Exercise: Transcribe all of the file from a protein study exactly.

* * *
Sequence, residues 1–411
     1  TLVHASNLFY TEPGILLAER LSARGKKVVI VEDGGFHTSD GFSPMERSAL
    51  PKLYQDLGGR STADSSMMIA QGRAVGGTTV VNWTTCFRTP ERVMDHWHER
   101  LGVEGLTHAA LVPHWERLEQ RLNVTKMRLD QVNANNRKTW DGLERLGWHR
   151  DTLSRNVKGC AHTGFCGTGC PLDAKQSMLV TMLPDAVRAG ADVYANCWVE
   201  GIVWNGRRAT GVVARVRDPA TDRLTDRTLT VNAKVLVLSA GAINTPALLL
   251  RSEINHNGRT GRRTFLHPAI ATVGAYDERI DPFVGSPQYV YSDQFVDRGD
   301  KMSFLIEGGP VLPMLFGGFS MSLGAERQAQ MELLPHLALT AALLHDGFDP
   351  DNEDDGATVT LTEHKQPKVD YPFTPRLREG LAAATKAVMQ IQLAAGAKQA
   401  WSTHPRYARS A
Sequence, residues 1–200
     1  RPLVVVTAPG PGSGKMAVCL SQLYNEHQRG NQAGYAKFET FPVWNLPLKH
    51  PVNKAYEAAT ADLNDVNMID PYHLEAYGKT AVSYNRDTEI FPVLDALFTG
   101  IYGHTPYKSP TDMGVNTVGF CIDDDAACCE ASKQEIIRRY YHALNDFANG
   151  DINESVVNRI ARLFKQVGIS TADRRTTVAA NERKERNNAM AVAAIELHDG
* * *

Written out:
Sequence, residues 1–411
     1  TLVHASNLFY TEPGILLAER LSARGKKVVI VEDGGFHTSD GFSPMERSAL
    51  PKLYQDLGGR STADSSMMIA QGRAVGGTTV VNWTTCFRTP ERVMDHWHER
   101  LGVEGLTHAA LVPHWERLEQ RLNVTKMRLD QVNANNRKTW DGLERLGWHR
   151  DTLSRNVKGC AHTGFCGTGC PLDAKQSMLV TMLPDAVRAG ADVYANCWVE
   201  GIVWNGRRAT GVVARVRDPA TDRLTDRTLT VNAKVLVLSA GAINTPALLL
   251  RSEINHNGRT GRRTFLHPAI ATVGAYDERI DPFVGSPQYV YSDQFVDRGD
   301  KMSFLIEGGP VLPMLFGGFS MSLGAERQAQ MELLPHLALT AALLHDGFDP
   351  DNEDDGATVT LTEHKQPKVD YPFTPRLREG LAAATKAVMQ IQLAAGAKQA
   401  WSTHPRYARS A
Sequence, residues 1–200
     1  RPLVVVTAPG PGSGKMAVCL SQLYNEHQRG NQAGYAKFET FPVWNLPLKH
    51  PVNKAYEAAT ADLNDVNMID PYHLEAYGKT AVSYNRDTEI FPVLDALFTG
   101  IYGHTPYKSP TDMGVNTVGF CIDDDAACCE ASKQEIIRRY YHALNDFANG
   151  DINESVVNRI ARLFKQVGIS TADRRTTVAA NERKERNNAM AVAAIELHDG